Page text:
Supercharging is a method to increase power output from a given engine without having to increase its displacement. As discussed in our earlier issue on Turbochargers, engines are basically big air pumps. They pump air in, add fuel, combust and then they pump the combustion products in the form of exhaust. Getting more air into the cylinders is the primary limiting factor behind how much power an engine of a given size can output. Forced induction is a way to force more air into the engine. More air = more fuel= more power. Since air is a gas, it can be compressed, increasing its density. Since the dimensions of the cylinders on the engine are fixed if you increase the pressure of air going into the cylinders, you increase the mass of air.
Both superchargers and turbochargers increase the pressure of the air entering the combustion chambers but unlike turbochargers, which use the exhaust gases created by combustion to spin the compressor, superchargers draw their power directly from the crankshaft. Most are driven by an accessory belt, which wraps around a pulley that is connected to a drive gear. The drive gear, in turn, rotates the compressor gear. There are many types of supercharger but all of them operate on the same premise: pull in atmospheric air, compress it and discharge it into the intake manifold.
Gottlieb Daimler, of Daimler-Benz fame was largely credited with patenting and popularizing supercharging an engine in the late 19th century. Mercedes-Benz produced the first production supercharged cars in the 1920s and were badged as “Kompressor”, a naming convention that continues today. Superchargers were used extensively in aircraft engines during World War 1 where the increased pressure of air entering the cylinders would enable fighters and bombers to fly at higher altitude without loss of power. Rolls-Royce was at the forefront of these developments but the solutions were expensive and complex since the superchargers were multistage (where the compression happens in more than one step) and were driven off their own gearboxes.
To pressurize the air, a supercharger must spin fast, much faster than the engine itself. Making the drive gear larger than the compressor gear causes the compressor to spin faster. Superchargers can spin at speeds in excess of 30,000rpm compared to over 100,000rpm for some turbo charger compressors.
Just like on a turbo, when the air is compressed it gets hotter, which lowers the density of the air entering the combustion chamber and increases the chances of detonation (knocking) The compressed air exiting the discharge unit must be cooled before it enters the intake manifold and, just like on turbo charger applications, Intercoolers are used to cool down the compressed air. Intercoolers are like a radiator, where the hot, compressed air enters the inlet of the intercooler and the cold air or coolant passing over the fins help heat to transfer out from the compressed air. This makes the compressed air both cooler and denser reducing probability of a detonation and increasing the mass of air in the cylinder.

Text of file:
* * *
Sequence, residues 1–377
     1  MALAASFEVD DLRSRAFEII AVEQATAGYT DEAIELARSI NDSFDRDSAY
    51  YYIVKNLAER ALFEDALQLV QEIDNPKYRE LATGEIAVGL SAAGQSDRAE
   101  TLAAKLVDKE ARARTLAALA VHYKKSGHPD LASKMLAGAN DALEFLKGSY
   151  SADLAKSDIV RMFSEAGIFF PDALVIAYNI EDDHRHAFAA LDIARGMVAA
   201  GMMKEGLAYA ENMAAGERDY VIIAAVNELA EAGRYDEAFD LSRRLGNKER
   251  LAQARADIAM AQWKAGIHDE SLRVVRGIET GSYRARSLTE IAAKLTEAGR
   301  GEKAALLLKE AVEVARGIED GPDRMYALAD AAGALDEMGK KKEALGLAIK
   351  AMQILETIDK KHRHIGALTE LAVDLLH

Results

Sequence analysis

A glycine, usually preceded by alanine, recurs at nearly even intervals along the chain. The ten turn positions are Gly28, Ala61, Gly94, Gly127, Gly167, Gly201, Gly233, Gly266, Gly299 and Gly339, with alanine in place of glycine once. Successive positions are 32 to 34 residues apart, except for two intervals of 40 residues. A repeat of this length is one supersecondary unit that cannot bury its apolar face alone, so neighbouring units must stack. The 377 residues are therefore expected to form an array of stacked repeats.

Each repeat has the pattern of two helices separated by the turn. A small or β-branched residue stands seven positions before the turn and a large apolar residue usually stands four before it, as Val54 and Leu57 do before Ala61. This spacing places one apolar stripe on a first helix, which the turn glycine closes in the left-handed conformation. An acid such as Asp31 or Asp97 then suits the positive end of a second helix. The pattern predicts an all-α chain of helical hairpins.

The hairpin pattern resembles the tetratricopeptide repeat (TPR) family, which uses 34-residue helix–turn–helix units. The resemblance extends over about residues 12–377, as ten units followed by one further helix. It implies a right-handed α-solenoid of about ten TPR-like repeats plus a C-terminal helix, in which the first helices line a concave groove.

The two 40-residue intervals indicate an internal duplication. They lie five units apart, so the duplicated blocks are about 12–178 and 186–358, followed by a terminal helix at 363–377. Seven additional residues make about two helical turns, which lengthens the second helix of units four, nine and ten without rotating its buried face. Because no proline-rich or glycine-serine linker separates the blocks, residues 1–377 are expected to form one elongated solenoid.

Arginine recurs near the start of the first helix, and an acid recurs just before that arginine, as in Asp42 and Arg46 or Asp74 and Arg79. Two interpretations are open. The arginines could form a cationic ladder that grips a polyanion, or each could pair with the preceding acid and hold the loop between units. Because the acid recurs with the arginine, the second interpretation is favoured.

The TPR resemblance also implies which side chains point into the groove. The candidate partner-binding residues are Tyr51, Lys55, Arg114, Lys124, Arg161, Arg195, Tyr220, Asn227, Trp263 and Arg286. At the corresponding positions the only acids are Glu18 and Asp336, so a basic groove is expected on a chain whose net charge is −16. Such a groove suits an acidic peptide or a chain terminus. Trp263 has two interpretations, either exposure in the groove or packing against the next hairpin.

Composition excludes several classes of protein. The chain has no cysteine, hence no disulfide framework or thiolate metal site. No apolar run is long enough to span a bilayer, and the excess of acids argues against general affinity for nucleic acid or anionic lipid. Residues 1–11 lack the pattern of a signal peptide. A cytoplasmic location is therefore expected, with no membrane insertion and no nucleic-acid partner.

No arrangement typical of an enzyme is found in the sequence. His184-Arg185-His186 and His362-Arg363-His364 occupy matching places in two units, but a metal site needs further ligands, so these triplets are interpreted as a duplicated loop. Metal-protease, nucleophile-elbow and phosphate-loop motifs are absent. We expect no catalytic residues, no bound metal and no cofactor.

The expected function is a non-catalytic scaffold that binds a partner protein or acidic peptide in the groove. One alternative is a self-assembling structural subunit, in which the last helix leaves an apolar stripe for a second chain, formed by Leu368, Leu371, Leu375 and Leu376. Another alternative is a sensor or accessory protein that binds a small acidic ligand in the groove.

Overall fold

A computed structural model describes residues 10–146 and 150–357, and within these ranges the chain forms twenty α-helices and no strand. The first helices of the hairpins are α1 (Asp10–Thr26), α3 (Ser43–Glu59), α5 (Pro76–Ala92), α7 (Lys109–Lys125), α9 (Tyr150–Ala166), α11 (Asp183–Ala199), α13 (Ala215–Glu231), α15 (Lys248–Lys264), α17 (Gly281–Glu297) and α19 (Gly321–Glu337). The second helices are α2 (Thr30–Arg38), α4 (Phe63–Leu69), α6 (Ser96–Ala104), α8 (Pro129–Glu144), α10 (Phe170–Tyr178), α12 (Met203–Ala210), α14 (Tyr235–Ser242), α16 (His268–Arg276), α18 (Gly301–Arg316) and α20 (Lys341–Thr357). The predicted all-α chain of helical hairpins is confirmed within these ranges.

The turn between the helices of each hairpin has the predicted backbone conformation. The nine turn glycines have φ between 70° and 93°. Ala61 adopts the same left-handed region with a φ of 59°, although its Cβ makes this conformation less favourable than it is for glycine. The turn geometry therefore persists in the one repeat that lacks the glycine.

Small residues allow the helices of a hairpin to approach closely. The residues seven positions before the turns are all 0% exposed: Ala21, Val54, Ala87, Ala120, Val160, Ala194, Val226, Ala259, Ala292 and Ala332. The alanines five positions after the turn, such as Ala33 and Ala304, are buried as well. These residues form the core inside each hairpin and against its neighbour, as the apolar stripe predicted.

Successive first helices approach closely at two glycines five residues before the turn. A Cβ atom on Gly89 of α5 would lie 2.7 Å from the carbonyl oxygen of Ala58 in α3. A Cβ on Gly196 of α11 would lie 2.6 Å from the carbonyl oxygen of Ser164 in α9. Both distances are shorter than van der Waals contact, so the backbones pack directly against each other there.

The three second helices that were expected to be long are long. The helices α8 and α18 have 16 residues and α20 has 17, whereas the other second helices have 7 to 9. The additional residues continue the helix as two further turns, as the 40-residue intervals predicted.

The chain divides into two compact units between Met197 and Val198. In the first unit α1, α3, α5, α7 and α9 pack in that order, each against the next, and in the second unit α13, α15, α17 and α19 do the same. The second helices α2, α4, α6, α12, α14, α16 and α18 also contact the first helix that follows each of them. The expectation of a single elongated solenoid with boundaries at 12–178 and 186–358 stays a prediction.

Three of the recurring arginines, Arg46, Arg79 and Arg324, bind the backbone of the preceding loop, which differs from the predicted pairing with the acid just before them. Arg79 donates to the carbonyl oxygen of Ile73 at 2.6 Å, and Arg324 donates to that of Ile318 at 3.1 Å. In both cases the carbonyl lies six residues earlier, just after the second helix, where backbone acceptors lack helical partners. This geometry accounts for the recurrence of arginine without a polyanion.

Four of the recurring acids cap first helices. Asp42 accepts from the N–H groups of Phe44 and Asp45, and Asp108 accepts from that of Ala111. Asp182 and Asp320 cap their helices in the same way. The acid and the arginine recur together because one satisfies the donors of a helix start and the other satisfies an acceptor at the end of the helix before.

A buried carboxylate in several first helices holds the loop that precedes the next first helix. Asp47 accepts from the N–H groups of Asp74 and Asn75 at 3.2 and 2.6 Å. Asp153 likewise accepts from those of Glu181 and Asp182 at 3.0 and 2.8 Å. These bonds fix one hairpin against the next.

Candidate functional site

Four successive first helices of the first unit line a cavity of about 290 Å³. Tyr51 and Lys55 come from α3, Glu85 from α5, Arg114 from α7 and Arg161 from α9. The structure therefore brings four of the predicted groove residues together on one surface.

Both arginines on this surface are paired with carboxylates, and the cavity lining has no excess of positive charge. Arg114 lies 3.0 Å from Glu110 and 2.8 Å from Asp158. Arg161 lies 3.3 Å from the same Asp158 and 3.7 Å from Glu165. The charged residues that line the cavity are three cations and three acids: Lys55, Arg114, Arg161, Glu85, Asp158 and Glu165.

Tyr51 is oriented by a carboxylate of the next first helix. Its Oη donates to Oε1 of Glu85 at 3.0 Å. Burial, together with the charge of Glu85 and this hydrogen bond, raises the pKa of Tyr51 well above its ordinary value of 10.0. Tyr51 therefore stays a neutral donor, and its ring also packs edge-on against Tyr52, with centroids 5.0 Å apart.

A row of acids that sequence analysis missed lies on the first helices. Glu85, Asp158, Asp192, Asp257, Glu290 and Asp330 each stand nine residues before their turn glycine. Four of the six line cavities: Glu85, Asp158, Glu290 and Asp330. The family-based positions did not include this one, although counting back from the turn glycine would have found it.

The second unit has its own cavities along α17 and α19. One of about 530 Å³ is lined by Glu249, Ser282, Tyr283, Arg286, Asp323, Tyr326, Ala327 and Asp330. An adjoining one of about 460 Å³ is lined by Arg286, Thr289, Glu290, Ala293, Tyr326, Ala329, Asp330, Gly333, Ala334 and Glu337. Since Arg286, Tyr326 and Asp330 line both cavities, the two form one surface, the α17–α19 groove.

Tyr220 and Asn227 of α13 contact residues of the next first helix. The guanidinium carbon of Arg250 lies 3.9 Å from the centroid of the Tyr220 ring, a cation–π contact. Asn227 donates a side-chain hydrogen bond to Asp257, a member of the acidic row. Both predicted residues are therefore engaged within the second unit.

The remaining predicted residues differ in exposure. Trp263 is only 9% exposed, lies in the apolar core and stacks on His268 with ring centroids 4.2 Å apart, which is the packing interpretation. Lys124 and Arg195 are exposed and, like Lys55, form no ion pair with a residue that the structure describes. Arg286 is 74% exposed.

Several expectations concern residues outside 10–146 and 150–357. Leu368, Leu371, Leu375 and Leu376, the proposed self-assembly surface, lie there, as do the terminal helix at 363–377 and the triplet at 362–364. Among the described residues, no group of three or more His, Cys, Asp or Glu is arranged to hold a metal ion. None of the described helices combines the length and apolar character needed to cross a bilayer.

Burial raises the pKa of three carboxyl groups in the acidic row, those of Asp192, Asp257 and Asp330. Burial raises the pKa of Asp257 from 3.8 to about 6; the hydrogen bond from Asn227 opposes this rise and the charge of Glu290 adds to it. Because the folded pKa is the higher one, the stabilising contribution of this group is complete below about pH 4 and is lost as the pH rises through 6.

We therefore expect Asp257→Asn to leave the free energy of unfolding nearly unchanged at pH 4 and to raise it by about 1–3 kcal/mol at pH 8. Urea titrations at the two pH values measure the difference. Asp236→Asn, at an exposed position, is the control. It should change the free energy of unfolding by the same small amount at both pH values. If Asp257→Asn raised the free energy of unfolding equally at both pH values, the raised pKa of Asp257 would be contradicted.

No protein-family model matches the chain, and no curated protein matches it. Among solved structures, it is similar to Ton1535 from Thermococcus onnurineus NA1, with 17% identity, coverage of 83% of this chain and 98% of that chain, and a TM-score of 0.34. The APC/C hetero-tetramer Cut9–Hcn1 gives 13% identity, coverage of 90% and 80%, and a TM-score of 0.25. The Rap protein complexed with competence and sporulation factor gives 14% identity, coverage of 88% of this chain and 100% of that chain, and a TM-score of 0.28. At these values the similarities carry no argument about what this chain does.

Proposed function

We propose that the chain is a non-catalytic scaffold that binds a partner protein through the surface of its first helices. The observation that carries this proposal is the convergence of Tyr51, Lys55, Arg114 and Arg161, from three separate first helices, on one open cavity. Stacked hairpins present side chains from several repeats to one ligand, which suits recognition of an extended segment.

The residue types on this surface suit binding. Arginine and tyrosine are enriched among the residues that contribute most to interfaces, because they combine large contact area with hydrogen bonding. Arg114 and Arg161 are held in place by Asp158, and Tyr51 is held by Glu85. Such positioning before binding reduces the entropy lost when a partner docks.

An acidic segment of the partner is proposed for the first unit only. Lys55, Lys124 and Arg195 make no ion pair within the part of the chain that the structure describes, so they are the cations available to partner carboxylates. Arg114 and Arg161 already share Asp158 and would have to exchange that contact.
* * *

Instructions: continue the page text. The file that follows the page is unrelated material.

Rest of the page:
There are predominantly two types of superchargers: positive displacement superchargers and dynamic compressors. The main differences between them is that in positive displacement superchargers deliver a fixed volume of air per revolution. So changing the amount of boost available comes down to changing the pulley ratios of the supercharger to change the amount of boost across all RPM ranges. Generally the pulley on the crankshaft will be larger than the pulley on the supercharger, enabling it to spin faster than the engine speed.
4 to 1 pulley ratio. Since the larger pulley is four times the smaller pulley, the smaller pulley will rotate four times faster
There are several types of popular superchargers. Roots type superchargers are probably the oldest design and are famous for sitting on top of muscle car engines with the intake sticking out of the hood. Lysholm superchargers (also known as twin screw superchargers) are also a popular, if expensive option. Both of the designs mentioned belong to the positive displacement supercharger category. One of the most common and easiest to install designs is the centrifugal supercharger, which is very similar to a turbocharger with the turbine section replaced with a pulley for the drive belt.
60’s Chevrolet Camaro with a large Roots type supercharger situated between the cylinder heads on the V8 and the intake sticking up over the hood.
Centrifugal Type Supercharger
A Lysholm (Twin screw) type supercharger
5 Illustration of how the three most common types of superchargers channel air
What about superchargers vs turbos? This question is hotly debated by car enthusiasts, but in general, superchargers offer a few advantages over turbochargers.
Since super chargers are driven directly off the engine, they do not have spool-up times and therefore have no lag. The response is immediate. Turbochargers suffer from lag because it takes a few moments before the exhaust gases reach a velocity that is sufficient to drive the impeller/turbine. Certain superchargers are more efficient at lower RPM, while others are more efficient at higher RPM. Roots and twin-screw superchargers, for example, provide more power at lower RPM. Centrifugal superchargers, similar to a turbocharger, become more efficient as the impeller spins faster, provide more power at higher RPM.
Installing a turbocharger requires extensive modification of the exhaust system, but superchargers can be bolted to the top or side of the engine. That makes them cheaper to install and easier to service and maintain.
So hopefully this was a helpful primer on supercharging an engine. Look out for more T&T Tech in upcoming issues.
Words: Kanchana Gunasekera